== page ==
7 Quick And Easy Workouts For Tinnitus Sufferers Of All Ages

By Doug Morris

One of the easiest things you can do to relieve that ringing in your ears is to stay active and fit. Start today with one of the following 7 suggestions designed with you in mind.

Not only does your whole body work better when it’s strong, staying fit helps your tinnitus, too.

Even just getting a short workout in a few times a week can make a big difference for known tinnitus triggers:

Not only that but getting regular exercise leads to a deeper and healthier sleep as well as helps deal with cravings when you’re quitting smoking.

So, let’s check out 7 quick and easy exercises that you can start today.

1. Brisk Walk

Brisk Walk

Don’t worry about running or jogging.

Research shows that brisk walking for just 30 minutes a day is enough exercise to keep you healthy and fit.

You burn between 100 – 300 calories just from that quick walk!

In fact, studies show an overwhelming reduction in:

  • High blood pressure
  • Resting heart rate
  • Body fat
  • Body mass index
  • Total cholesterol
  • Depression

Even if the weather isn’t great, you can always walk around the mall.

Curious what scientists mean when they say “brisk” walk?

Just keep in mind the Bee Gee’s famous tune “Stayin’ Alive” and you’ll know exactly what the best pace to walk at is.

2. Stationary Bike

Riding Stationary Bike

If you have some back, knee, or joint issues, you might want to use a stationary bike for your exercise, since it has a low impact on those problem areas.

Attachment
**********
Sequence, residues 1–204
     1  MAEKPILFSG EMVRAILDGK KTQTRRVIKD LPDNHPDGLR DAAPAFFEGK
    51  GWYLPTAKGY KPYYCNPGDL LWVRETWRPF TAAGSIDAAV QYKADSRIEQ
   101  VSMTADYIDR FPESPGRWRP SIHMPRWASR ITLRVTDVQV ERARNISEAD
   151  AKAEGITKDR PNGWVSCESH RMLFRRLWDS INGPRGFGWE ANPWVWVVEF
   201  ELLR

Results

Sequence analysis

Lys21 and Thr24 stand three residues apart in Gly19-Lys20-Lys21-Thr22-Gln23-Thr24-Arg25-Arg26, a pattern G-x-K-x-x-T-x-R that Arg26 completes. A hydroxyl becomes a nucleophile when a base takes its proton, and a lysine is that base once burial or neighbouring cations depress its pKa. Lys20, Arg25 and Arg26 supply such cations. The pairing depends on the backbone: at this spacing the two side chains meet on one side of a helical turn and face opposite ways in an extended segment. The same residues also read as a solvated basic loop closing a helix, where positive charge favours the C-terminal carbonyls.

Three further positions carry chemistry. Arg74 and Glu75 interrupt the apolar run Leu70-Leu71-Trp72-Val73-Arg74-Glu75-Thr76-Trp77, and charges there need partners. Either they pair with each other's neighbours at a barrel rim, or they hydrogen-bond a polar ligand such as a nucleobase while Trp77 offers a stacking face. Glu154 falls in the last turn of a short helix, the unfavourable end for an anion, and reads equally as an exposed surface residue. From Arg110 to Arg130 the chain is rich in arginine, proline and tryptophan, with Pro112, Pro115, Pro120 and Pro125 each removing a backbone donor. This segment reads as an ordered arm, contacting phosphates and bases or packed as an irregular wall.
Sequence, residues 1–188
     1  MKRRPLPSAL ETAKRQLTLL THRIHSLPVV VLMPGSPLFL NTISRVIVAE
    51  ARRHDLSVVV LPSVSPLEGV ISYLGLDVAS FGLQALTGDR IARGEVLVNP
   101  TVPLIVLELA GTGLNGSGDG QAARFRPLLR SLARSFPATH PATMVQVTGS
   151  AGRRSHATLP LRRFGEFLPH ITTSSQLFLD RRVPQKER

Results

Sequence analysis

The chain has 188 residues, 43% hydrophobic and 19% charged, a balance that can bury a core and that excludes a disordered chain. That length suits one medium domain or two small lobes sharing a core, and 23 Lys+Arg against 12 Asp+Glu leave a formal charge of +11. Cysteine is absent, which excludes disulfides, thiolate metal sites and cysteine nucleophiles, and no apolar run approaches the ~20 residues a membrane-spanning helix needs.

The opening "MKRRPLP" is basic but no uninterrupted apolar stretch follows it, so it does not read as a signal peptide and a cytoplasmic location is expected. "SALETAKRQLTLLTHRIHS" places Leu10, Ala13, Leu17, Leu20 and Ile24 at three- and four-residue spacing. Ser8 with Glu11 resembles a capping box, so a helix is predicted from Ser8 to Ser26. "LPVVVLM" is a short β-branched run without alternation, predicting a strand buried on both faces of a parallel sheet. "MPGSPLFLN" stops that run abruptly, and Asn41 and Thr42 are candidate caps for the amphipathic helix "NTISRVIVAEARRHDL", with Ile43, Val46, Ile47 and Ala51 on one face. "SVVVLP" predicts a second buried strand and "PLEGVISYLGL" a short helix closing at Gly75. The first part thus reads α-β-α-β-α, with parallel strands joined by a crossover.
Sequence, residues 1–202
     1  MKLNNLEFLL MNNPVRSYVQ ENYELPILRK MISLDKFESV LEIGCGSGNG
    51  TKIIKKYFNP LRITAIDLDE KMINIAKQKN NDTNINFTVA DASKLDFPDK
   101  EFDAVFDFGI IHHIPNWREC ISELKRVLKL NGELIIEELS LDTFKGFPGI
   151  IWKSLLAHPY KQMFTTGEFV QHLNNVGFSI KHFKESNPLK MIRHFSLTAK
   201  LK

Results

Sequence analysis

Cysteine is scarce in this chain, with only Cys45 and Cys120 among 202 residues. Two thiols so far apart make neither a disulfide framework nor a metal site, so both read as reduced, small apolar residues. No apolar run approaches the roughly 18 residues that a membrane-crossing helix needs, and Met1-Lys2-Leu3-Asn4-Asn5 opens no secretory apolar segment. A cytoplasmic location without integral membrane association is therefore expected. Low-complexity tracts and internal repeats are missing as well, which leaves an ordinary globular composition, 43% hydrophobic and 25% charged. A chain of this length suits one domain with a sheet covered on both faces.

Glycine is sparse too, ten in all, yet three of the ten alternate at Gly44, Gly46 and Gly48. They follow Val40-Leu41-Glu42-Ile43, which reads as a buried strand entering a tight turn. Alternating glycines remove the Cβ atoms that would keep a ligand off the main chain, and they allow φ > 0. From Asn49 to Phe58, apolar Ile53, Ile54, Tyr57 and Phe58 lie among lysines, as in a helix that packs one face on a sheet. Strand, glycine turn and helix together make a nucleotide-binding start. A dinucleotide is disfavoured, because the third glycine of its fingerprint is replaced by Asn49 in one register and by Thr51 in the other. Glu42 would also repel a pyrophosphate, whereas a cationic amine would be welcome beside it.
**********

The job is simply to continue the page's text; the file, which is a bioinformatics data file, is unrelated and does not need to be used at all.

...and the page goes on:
Just like walking, anyone can start using a stationary bike to start getting fit.

And you can use it no matter the weather.

Even while watching TV so you burn calories without even noticing it.

Another plus for the stationary bike is that it burns a bit more calories than walking: 140 calories in 20 minutes.

3. Swimming


For even more serious joint and bone pain from arthritis or osteoporosis, swimming could be exactly what you need.

Get your blood circulating and raise your heart rate gently with a few swim sessions per week.

In fact, a study of a group of adults who suffer from osteoarthritis (who were not doing any exercise whatsoever!) were put on an easy swimming plan to see how it would help their symptoms.

They all saw a huge improvement with:

  • Joint pain
  • Stiffness
  • Increased quality of life
  • Better strength and flexibility

A lot of public pools also have swim classes designed for all different age groups and fitness levels.

The classes are a great way to get out and get some exercise at the same time.

4. Squats


If one of your main goals is losing weight to help the factors affecting your tinnitus, doing squats is one of the best ways to quickly boost your metabolism.

The more muscle mass you build, the quicker your body burns calories – even when you’re not exercising.

Squats build muscle mass quickly because they workout multiple muscle groups.

An easy way to start is to sit almost all the way down in a chair and then lift yourself up again.

Using the chair as a guide will help ensure you have the right form to avoid injury.

You keep your feet comfortably shoulder-width apart, keep your back straight and bend your knees gently while lowering yourself down.

If you can’t go very low at first, just go as far down as comfortable until you build up your muscles.

Start with just 3 to 5 squats and once you get good at it, you can increase your repetitions until you get up to 10 or 15.

A big source of knee pain is weak upper leg muscles.

If you notice knee pain while walking downstairs, strengthening your leg muscles through squats might be exactly what you need to help your knees.